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    Quote Originally Posted by FyredUp View Post
    Photo albums, family heirlooms, and sadly the bodies of deceased pets all have special meaning to the property owners. Truth is it doesn't matter what value we place on them, it is the value the homeowner places on them that matter. I own somethings that were my Dad's, most likely they would mean abolutely nothing to the cassual observer, but they mean everything to me.
    When I teach an "intro" class - I try and instill a "don't judge and one mans trash is another mans treasure" in the new guys. We cant always make a stop -but an organized/respectful salvage is making the best of a bad situation. I know personally , I would feel terrible if an elderly person got hurt trying to salvage something after I left. And I know you need to get in service as soon as possible, but their is a happy medium.
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    Quote Originally Posted by slackjawedyokel View Post
    When I teach an "intro" class - I try and instill a "don't judge and one mans trash is another mans treasure" in the new guys. We cant always make a stop -but an organized/respectful salvage is making the best of a bad situation. I know personally , I would feel terrible if an elderly person got hurt trying to salvage something after I left. And I know you need to get in service as soon as possible, but their is a happy medium.
    There are professional clean up and salvage companies. Unless they are critical items like keys, wallets, etc. or high value items like a safe, we leave that stuff for them. I definitely ain't dragging out dead animals.

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    Quote Originally Posted by johnsb View Post
    There are professional clean up and salvage companies. Unless they are critical items like keys, wallets, etc. or high value items like a safe, we leave that stuff for them. I definitely ain't dragging out dead animals.
    Guess we are getting off track, but you and me couldn't be further apart ---"high value items like a safe" -Im not saying stay and haul every little thing out, but IN MY OPINION -it is not our place to set a value on an item., in fact unless it is submerged -a safe is actually lower priority than a lot of items . I try and get with the homeowner and locate personal items that time can be a factor in salvaging. And as far as the pets -- is that the policy of your fire department ? If so -I really think your chief should make a public statement to that effect.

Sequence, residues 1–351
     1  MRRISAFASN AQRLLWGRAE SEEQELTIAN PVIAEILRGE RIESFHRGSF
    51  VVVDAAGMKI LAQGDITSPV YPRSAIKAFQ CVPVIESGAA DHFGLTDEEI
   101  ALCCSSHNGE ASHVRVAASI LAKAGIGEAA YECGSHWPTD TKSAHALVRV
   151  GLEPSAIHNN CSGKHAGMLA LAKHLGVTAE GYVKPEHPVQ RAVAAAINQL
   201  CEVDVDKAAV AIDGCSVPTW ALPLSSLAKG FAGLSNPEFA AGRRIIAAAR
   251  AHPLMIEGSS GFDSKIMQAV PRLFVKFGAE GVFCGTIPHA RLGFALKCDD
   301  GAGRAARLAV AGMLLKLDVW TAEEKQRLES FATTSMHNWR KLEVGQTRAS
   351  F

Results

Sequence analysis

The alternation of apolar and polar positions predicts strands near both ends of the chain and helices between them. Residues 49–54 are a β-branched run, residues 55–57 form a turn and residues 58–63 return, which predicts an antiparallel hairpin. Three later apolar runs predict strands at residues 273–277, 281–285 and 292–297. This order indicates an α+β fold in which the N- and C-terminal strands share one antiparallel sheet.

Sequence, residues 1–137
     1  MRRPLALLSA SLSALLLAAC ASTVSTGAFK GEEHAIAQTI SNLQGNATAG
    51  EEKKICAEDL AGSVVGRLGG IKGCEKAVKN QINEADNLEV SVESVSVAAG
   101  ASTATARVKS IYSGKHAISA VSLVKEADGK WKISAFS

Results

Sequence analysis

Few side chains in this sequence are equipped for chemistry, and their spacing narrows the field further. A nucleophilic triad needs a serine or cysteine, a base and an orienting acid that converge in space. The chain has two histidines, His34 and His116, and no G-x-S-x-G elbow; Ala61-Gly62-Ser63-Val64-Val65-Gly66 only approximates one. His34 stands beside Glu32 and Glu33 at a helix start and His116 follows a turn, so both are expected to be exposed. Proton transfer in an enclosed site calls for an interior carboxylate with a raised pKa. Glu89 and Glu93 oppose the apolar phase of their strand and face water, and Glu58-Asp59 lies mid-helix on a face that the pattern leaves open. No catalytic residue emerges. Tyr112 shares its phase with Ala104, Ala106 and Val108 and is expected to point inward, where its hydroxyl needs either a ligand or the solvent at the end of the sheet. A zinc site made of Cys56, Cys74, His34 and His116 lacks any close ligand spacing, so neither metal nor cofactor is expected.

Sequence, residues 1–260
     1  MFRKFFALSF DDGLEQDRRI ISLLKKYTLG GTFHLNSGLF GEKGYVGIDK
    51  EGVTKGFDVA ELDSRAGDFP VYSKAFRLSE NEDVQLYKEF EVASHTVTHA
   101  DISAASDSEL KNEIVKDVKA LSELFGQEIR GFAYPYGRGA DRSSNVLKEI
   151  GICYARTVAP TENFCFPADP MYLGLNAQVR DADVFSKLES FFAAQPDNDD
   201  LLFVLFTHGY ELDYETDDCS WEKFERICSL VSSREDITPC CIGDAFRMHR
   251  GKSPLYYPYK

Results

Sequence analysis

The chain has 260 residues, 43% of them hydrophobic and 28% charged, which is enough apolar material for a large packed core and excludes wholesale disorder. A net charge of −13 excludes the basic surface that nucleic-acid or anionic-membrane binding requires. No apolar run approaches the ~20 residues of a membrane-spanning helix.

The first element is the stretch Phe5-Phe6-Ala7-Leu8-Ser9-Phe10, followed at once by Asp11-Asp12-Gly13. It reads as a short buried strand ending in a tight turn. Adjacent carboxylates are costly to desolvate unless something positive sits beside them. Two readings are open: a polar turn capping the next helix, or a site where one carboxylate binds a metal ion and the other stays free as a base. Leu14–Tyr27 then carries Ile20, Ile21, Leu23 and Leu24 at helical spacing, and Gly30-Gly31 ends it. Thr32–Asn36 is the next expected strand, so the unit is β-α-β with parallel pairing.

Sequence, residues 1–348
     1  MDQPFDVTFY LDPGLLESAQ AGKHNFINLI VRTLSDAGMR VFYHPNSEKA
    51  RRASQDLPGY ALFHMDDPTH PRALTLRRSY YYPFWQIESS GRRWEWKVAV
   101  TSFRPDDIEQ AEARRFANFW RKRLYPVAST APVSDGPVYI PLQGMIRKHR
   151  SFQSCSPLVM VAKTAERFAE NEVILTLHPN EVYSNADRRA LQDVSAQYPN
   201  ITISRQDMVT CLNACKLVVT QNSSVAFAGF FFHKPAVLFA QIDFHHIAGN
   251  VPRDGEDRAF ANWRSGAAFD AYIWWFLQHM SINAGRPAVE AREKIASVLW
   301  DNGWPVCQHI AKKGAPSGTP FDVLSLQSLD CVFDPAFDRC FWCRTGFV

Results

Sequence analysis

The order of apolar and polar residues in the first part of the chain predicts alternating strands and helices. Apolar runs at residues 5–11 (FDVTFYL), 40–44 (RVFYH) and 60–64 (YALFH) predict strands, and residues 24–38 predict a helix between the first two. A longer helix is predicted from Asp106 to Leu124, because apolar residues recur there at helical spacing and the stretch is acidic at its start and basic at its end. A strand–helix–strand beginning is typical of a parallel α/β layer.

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    Quote Originally Posted by johnsb View Post
    There are professional clean up and salvage companies. Unless they are critical items like keys, wallets, etc. or high value items like a safe, we leave that stuff for them. I definitely ain't dragging out dead animals.
    I am not asking you to do a damn thing actually. But I can tell you twice I have found dead pets, a cat and a dog, and brought them out, respectfully, covered, and turned them over to the home owner with my sincere condolences. Fortunately, neither was burned and had died of smoke inhalation. In both cases the home owners were grateful for my care and sympathy.

    It's about service, and going that extra step to do the right thing, and if the few minutes it took me to do that are too much bother for you then so be it. I guess we are cut from different cloth.
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    My original point wasn't about whether or not to do salvage. I've certainly been involved in more than a few fires where we made that effort. I'm certainly in favor of it.

    It was about the fact that R/M had one unit on the scene for four hours, and another for six, for a single family dwelling (and that doesn't count the time Surprise was there). Salvage is one thing. Polishing the silver is something entirely different.
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    Quote Originally Posted by tree68 View Post
    My original point wasn't about whether or not to do salvage. I've certainly been involved in more than a few fires where we made that effort. I'm certainly in favor of it.

    It was about the fact that R/M had one unit on the scene for four hours, and another for six, for a single family dwelling (and that doesn't count the time Surprise was there). Salvage is one thing. Polishing the silver is something entirely different.
    That's right.

    Polishing the silver, etc.

    For $20,000.

    For a homeowner who did not subscribe to their service.